James Madison Papers

From James Madison to George Eve, 2 January 1789

To George Eve

January 2d. 1789


Being informed that reports prevail not only that I am opposed to any amendmends whatever to the new federal Constitution; but that I have ceased to be a friend to the rights of Conscience; and inferring from a conversation with my brother William, that you are disposed to contradict such reports as far as your knowledge of my sentiments may justify, I am led to trouble you with this communication of them.1 As a private Citizen it could not be my wish that erroneous opinions should be entertained, with respect to either of those points, particularly, with respect to religious liberty.2 But having been induced to offer my services to this district as its representative in the federal Legislature, considerations of a public nature make it proper that, with respect to both, my principles and views should be rightly understood.

I freely own that I have never seen in the Constitution as it now stands those serious dangers which have alarmed many respectable Citizens. Accordingly whilst it remained unratified, and it was necessary to unite the States in some one plan, I opposed all previous alterations as calculated to throw the States into dangerous contentions, and to furnish the secret enemies of the Union with an opportunity of promoting its dissolution. Circumstances are now changed: The Constitution is established on the ratifications of eleven States and a very great majority of the people of America; and amendments, if pursued with a proper moderation and in a proper mode, will be not only safe, but may serve the double purpose of satisfying the minds of well meaning opponents, and of providing additional guards in favour of liberty. Under this change of circumstances, it is my sincere opinion that the Constitution ought to be revised, and that the first Congress meeting under it, ought to prepare and recommend to the States for ratification, the most satisfactory provisions for all essential rights, particularly the rights of Conscience in the fullest latitude, the freedom of the press, trials by jury, security against general warrants &c. I think it will be proper also to provide expressly in the Constitution, for the periodical increase of the number of Representatives until the amount shall be entirely satisfactory; and to put the judiciary department into such a form as will render vexatious appeals impossible. There are sundry other alterations which are either eligible in themselves, or being at least safe, are recommended by the respect due to such as wish for them.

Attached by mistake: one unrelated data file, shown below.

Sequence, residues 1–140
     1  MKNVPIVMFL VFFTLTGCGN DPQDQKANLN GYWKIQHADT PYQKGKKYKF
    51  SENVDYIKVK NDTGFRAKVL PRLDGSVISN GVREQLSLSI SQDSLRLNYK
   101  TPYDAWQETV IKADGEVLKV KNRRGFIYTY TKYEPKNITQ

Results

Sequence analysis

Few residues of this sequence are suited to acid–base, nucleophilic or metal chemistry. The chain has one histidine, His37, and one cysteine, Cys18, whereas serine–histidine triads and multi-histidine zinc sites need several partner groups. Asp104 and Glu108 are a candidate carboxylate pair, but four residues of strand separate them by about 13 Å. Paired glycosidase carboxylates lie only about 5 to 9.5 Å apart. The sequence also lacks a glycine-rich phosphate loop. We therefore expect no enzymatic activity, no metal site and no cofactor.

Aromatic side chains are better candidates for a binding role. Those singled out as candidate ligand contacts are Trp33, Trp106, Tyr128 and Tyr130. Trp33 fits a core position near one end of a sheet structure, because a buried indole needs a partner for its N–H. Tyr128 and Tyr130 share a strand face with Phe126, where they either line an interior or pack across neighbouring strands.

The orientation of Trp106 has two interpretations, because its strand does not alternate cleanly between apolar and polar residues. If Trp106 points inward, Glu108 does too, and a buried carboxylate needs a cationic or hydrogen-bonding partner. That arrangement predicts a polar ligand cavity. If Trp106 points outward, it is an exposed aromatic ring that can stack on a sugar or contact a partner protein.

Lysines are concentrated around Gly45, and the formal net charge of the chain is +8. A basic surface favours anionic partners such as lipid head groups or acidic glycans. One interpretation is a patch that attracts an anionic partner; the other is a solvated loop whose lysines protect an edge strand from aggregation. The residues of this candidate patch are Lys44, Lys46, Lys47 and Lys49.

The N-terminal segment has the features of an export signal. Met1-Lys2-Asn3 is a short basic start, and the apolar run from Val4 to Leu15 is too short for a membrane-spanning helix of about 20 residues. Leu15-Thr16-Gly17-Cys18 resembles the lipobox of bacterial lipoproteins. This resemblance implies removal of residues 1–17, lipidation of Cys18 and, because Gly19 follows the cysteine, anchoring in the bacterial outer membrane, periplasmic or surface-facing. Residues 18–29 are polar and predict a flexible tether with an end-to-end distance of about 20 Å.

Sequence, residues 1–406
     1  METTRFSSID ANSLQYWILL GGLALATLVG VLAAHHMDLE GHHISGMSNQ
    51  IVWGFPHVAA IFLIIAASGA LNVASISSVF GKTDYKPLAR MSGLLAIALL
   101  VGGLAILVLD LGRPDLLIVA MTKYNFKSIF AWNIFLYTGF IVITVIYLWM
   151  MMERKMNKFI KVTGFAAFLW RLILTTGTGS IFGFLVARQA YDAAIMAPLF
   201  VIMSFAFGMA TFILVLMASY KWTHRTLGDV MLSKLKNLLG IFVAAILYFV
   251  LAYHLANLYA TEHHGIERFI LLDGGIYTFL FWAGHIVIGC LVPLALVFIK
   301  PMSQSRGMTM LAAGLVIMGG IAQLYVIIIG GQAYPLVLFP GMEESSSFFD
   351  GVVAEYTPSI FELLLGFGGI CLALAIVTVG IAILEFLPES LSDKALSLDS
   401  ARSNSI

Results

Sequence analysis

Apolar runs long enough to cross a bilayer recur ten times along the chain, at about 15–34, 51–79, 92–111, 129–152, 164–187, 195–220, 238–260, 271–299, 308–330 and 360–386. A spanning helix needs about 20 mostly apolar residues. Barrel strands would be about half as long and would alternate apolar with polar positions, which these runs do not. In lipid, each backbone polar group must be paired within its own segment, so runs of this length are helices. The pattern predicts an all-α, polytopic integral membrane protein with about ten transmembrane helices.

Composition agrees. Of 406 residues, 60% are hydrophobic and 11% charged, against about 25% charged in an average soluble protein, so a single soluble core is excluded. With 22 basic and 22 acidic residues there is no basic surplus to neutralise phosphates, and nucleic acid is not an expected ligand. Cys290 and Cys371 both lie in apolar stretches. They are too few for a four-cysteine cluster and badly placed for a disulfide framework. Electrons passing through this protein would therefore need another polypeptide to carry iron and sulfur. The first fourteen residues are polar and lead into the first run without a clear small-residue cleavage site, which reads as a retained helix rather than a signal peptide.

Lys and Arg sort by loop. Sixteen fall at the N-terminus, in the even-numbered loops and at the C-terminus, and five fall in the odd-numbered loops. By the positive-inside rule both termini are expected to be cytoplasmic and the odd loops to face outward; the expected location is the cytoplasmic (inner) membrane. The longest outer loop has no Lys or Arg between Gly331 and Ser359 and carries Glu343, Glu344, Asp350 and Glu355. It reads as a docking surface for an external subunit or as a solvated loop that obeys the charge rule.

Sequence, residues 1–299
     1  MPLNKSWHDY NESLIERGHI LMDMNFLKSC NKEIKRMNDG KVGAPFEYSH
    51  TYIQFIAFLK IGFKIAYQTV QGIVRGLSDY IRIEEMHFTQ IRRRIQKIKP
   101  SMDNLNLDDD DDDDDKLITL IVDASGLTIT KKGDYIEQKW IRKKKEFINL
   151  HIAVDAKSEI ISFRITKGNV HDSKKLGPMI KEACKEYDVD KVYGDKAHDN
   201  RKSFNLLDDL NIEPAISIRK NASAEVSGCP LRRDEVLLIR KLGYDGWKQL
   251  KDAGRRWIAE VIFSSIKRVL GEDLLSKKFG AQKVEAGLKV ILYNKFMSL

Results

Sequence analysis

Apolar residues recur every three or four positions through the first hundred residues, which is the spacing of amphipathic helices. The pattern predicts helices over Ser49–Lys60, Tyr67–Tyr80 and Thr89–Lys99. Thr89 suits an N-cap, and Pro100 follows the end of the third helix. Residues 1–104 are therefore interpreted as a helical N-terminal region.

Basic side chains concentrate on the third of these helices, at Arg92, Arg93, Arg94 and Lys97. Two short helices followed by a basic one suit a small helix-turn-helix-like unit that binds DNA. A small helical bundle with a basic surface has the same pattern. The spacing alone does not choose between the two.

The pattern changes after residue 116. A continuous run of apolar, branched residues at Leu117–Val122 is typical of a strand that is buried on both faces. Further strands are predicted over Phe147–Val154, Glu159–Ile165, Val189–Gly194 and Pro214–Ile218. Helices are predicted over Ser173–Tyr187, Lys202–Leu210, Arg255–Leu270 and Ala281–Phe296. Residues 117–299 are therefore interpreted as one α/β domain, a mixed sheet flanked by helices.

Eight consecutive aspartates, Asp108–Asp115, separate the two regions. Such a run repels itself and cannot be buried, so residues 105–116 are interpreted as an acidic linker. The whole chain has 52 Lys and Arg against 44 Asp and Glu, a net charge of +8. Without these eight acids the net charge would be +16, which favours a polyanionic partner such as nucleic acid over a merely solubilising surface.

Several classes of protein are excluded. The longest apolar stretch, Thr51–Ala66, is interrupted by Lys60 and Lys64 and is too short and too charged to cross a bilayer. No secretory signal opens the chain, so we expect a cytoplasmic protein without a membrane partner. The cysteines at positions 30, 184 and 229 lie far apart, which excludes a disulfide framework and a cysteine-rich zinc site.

I have intimated that the amendments ought to be proposed by the first Congress. I prefer this mode to that of a General Convention, 1st. because it is the most expeditious mode. A convention must be delayed, until ⅔ of the State Legislatures shall have applied for one; and afterwards the amendments must be submitted to the States; whereas if the business be undertaken by Congress the amendments may be prepared and submitted in March next. 2dly. because it is the most certain mode. There are not a few States who will absolutely reject the proposal of a Convention, and yet not be averse to amendmends in the other mode. Lastly, it is the safest mode. The Congress, who will be appointed to execute as well as to amend the Government, will probably be careful not to destroy or endanger it. A convention, on the other hand, meeting in the present ferment of parties, and containing perhaps insidious characters from different parts of America, would at least spread a general alarm, and be but too likely to turn every thing into confusion and uncertainty. It is to be observed however that the question concerning a General Convention, will not belong to the federal Legislature. If ⅔ of the States apply for one, Congress can not refuse to call it: if not, the other mode of amendments must be pursued. I am Sir with due respect your friend & Obedt. servant

Js. Madison Jr.


1George Eve (b. 1748), a native of Culpeper County, was ordained a Baptist minister in 1778. At the time of the election he was serving as pastor of Blue Run Church in Orange County. He later moved to Kentucky (Semple, History of the Rise and Progress of the Baptists in Virginia [rev. ed., 1894], pp. 238–39; Taylor, Virginia Baptist Ministers, Series I, pp. 246–48).

2A writer in the Fredericksburg Va. Herald of 15 Jan. 1789 urged freeholders of the various religious denominations to vote for JM, reminding them of JM’s services in their behalf against the general assessment bill.

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